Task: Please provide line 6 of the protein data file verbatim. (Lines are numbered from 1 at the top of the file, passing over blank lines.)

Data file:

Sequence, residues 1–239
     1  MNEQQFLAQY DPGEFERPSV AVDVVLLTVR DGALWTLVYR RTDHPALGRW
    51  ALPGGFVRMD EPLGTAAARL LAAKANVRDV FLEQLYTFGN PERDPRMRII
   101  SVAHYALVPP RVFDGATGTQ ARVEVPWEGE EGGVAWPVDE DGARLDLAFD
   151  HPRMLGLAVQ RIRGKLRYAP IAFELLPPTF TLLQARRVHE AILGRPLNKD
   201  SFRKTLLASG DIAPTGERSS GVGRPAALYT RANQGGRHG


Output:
   201  SFRKTLLASG DIAPTGERSS GVGRPAALYT RANQGGRHG